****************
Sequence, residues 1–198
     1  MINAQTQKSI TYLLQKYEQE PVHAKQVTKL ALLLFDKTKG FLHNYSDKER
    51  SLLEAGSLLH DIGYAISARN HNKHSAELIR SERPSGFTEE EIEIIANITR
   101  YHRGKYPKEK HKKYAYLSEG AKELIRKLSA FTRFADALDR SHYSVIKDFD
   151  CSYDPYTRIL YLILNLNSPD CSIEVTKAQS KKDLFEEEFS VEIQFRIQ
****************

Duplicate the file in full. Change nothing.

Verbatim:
Sequence, residues 1–198
     1  MINAQTQKSI TYLLQKYEQE PVHAKQVTKL ALLLFDKTKG FLHNYSDKER
    51  SLLEAGSLLH DIGYAISARN HNKHSAELIR SERPSGFTEE EIEIIANITR
   101  YHRGKYPKEK HKKYAYLSEG AKELIRKLSA FTRFADALDR SHYSVIKDFD
   151  CSYDPYTRIL YLILNLNSPD CSIEVTKAQS KKDLFEEEFS VEIQFRIQ